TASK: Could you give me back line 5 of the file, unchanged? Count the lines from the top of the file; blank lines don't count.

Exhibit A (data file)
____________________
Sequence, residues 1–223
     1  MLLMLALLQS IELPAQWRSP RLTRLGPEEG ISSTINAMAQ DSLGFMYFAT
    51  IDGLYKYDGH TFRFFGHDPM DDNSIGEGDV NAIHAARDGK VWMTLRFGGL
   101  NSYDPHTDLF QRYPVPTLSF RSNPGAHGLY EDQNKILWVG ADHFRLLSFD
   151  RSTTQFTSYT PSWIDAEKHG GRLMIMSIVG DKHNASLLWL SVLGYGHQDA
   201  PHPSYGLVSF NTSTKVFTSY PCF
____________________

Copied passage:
   151  RSTTQFTSYT PSWIDAEKHG GRLMIMSIVG DKHNASLLWL SVLGYGHQDA